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Anterior cervical discectomy and fusion

Overview of surgery

Anterior cervical discectomy and fusion involves removal of the cervical (neck) disc and osteophytes to take away the compression of the spinal cord or nerve roots or both. The space remaining after removal of the disc is filled with bone graft or cage. A plate with screws may be used to provide further stabilisation. This surgery is indicated for those who have a) No relief of arm pain with non-operative forms of treatment; b) Increasing numbness and weakness in the arms and hands; c), significant or worsening weakness in the arms and hands at presentation and d) myelopathy (spinal cord dysfunction)

Steps of the surgery:

  • The surgery is performed under general anaesthesia, with the patient lying on the back
  • The spine is exposed through a 2.5 to 5 cm incision on the skin in the front of the neck. The spine is exposed by moving the muscles and blood vessels aside. The involved intervertebral disc(s) is removed using special instruments and the pressure on the nerve roots and spinal cord is relieved
  • The resultant gap is filled with bone graft (from the pelvic bone) or a spacer (cage) made from a plastic material called PEEK or titanium. A titanium plate with screws may be used to provide further stability to the spine
  • The incision (cut) is closed with dissolvable sutures. A drain tube will remove the blood that collects at the surgical site. A urinary tube may be used to drain the bladder.

The Success rates and the outcomes:

This surgery is associated with a high success rate (>90%) in terms of relief of the arm pain. If muscle weakness and numbness was present prior to surgery, it usually improves over a period of time. If myelopathy (spinal cord dysfunction) was present before surgery, the extent of recovery is less predictable. However, surgical decompression will usually stop the deterioration and provides the most favourable opportunity for recovery.

Your pathway to recovery:

  • Following surgery, the patient will be moved to the recovery room where a neck collar is provided to ensure comfort and to prevent excessive neck movements. Adequate pain relief and intravenous fluids will be provided. When the patient is comfortable, he/she will be transferred to a high dependency ward for an overnight stay for more personalized attention. Most patients will be encouraged to walk the day after surgery with the neck collar after removing the urinary tube. Normal diet is usually advised either in the evening after the surgery or the next morning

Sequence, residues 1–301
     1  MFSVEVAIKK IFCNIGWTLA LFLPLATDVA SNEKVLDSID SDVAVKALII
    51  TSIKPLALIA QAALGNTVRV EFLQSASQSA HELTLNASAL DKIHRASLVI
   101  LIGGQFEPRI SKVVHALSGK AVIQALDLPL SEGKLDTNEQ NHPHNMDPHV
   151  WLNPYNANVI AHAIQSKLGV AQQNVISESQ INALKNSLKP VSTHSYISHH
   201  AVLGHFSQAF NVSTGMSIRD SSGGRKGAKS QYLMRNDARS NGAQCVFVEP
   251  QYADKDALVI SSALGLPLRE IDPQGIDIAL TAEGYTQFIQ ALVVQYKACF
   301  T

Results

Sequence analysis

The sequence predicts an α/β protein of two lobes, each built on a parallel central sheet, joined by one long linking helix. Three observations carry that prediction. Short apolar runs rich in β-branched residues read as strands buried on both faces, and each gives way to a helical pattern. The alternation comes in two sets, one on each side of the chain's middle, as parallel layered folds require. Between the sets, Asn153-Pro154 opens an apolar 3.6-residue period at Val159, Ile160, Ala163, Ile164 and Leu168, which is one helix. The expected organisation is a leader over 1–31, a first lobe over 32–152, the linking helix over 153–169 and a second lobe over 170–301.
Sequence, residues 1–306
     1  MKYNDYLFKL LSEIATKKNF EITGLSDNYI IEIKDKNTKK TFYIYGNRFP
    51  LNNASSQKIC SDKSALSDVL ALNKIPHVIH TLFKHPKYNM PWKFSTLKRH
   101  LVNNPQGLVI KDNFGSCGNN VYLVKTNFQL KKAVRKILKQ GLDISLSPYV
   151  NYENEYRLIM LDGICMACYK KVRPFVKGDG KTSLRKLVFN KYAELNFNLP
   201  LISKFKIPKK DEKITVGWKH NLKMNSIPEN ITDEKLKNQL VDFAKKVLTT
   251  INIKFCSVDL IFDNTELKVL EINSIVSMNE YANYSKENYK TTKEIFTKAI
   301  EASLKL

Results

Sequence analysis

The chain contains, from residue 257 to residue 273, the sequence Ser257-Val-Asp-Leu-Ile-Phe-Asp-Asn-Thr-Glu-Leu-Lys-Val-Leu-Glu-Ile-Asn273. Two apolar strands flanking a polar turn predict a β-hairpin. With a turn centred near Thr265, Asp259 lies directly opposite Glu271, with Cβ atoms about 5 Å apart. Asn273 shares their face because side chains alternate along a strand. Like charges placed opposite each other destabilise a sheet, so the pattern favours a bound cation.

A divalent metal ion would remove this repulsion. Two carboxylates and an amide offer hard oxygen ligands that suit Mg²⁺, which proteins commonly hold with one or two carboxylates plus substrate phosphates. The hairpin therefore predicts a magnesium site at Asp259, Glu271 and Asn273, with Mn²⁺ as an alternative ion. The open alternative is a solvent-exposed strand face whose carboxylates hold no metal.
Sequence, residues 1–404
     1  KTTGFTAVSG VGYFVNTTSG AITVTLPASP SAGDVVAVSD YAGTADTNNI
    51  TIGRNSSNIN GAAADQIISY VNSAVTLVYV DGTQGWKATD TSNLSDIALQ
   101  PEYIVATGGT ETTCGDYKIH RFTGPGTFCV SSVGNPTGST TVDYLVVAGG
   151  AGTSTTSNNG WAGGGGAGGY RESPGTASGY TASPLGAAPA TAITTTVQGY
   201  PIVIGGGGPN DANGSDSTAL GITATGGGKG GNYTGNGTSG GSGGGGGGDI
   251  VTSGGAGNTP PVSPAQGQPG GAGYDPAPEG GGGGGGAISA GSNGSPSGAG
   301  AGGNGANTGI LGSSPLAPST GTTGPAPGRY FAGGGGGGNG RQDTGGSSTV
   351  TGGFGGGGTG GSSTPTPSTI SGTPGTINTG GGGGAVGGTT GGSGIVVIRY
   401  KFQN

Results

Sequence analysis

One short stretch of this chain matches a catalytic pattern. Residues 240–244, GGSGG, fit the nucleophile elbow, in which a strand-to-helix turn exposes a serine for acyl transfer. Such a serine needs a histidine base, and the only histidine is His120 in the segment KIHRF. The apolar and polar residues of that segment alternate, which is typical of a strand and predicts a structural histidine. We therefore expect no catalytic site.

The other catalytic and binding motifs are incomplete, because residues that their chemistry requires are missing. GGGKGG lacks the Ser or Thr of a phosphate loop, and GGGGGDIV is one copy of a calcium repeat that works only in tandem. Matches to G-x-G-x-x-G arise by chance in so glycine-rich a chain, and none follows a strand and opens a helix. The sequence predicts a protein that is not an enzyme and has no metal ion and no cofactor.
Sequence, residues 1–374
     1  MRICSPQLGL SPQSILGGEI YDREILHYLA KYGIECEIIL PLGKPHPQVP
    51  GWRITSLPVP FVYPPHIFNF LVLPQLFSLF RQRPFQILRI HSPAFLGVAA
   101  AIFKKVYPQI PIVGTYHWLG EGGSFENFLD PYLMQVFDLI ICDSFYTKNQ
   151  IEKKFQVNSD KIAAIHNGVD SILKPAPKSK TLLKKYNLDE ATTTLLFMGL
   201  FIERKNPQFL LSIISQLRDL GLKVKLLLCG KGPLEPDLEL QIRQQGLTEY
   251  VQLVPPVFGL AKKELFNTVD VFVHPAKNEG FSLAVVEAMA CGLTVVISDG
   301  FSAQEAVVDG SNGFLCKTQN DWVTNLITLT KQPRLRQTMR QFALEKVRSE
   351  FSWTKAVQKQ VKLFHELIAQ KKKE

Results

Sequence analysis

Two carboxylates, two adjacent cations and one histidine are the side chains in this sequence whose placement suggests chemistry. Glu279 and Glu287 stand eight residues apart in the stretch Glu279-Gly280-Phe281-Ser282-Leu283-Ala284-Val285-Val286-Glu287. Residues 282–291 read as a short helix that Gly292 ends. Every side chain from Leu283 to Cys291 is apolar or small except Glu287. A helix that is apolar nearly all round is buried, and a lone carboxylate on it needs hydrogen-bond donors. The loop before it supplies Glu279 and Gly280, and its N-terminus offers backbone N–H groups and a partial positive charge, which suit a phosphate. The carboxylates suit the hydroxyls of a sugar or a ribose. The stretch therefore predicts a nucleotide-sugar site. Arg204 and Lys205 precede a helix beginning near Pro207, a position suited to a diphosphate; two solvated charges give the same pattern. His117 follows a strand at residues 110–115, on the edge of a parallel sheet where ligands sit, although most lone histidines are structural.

• The duration of stay in the hospital may extend from 2-4 days depending on comfort and ability to walk and the surgeon will decide on the date of discharge.


Allergic reactions to medications and conditions like pneumonia, stroke or heart attack, though rare and not directly caused by the surgical treatment, may have serious consequences.

Surgical complications can include bleeding, infection, spinal fluid leak, injury to the veins and arteries near the spine, injury to the spinal cord and nerves and its surrounding protective layer (dura). Injury to the spinal cord or the nerves during surgery can result in varying degrees of muscular paralysis, alteration of normal sensations and loss of bowel and bladder control which may be permanent or may recover over a period of time. An injury to the covering layers of the nerves (dura) can result in a leak of spinal fluid and may rarely require a repeat surgery.

Injury to the trachea (windpipe), oesophagus (food pipe) or the vocal cord nerve may occur during surgery. Damage to the vocal cord nerves may result in a hoarse or weak voice. The bone graft may not heal and fuse the spine (non-union) and rarely the bone graft may become dislodged, requiring further surgery.

A 1-5% incidence of post-operative wound infection is possible despite antibiotics given before and after surgery. Superficial infections can be treated with antibiotics, while deep infections may require a wound wash-out under anaesthesia. The presence of an infection in any other region (urinary bladder, chest and skin) immediately prior to surgery, increases the risk of post-operative infection, so inform your surgeon about this.

Deep vein thrombosis (DVT - clotting of blood in your calf muscles) and pulmonary embolism (clot migrating to your lungs) are uncommon after an elective spine surgery, particularly when you are out of bed and walking within 24 hours after surgery. We do not routinely use medications to prevent DVT; however, if you have had an episode of DVT in the past, let your surgeon know.